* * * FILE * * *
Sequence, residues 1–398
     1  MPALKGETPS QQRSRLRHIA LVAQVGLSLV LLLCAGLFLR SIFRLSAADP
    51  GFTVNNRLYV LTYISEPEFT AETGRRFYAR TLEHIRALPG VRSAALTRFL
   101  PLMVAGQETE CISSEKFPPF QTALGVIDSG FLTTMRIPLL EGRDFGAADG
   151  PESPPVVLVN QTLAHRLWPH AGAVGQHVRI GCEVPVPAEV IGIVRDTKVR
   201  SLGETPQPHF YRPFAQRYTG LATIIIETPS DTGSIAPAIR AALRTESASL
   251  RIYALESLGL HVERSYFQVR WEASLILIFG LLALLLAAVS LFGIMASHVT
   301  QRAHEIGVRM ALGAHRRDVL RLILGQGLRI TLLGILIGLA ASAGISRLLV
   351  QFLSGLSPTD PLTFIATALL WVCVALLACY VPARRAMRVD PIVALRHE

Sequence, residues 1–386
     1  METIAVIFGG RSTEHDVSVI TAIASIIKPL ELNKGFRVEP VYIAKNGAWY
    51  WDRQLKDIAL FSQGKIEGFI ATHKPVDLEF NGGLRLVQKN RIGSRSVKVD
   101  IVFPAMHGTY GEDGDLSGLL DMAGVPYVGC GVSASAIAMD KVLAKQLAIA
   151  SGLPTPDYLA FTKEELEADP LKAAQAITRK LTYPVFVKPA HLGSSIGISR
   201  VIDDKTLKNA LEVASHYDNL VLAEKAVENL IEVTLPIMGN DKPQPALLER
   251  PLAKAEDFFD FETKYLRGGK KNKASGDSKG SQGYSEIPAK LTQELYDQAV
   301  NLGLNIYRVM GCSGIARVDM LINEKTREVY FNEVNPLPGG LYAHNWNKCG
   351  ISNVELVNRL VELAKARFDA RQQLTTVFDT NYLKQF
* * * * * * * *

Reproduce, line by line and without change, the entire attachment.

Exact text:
Sequence, residues 1–398
     1  MPALKGETPS QQRSRLRHIA LVAQVGLSLV LLLCAGLFLR SIFRLSAADP
    51  GFTVNNRLYV LTYISEPEFT AETGRRFYAR TLEHIRALPG VRSAALTRFL
   101  PLMVAGQETE CISSEKFPPF QTALGVIDSG FLTTMRIPLL EGRDFGAADG
   151  PESPPVVLVN QTLAHRLWPH AGAVGQHVRI GCEVPVPAEV IGIVRDTKVR
   201  SLGETPQPHF YRPFAQRYTG LATIIIETPS DTGSIAPAIR AALRTESASL
   251  RIYALESLGL HVERSYFQVR WEASLILIFG LLALLLAAVS LFGIMASHVT
   301  QRAHEIGVRM ALGAHRRDVL RLILGQGLRI TLLGILIGLA ASAGISRLLV
   351  QFLSGLSPTD PLTFIATALL WVCVALLACY VPARRAMRVD PIVALRHE

Sequence, residues 1–386
     1  METIAVIFGG RSTEHDVSVI TAIASIIKPL ELNKGFRVEP VYIAKNGAWY
    51  WDRQLKDIAL FSQGKIEGFI ATHKPVDLEF NGGLRLVQKN RIGSRSVKVD
   101  IVFPAMHGTY GEDGDLSGLL DMAGVPYVGC GVSASAIAMD KVLAKQLAIA
   151  SGLPTPDYLA FTKEELEADP LKAAQAITRK LTYPVFVKPA HLGSSIGISR
   201  VIDDKTLKNA LEVASHYDNL VLAEKAVENL IEVTLPIMGN DKPQPALLER
   251  PLAKAEDFFD FETKYLRGGK KNKASGDSKG SQGYSEIPAK LTQELYDQAV
   301  NLGLNIYRVM GCSGIARVDM LINEKTREVY FNEVNPLPGG LYAHNWNKCG
   351  ISNVELVNRL VELAKARFDA RQQLTTVFDT NYLKQF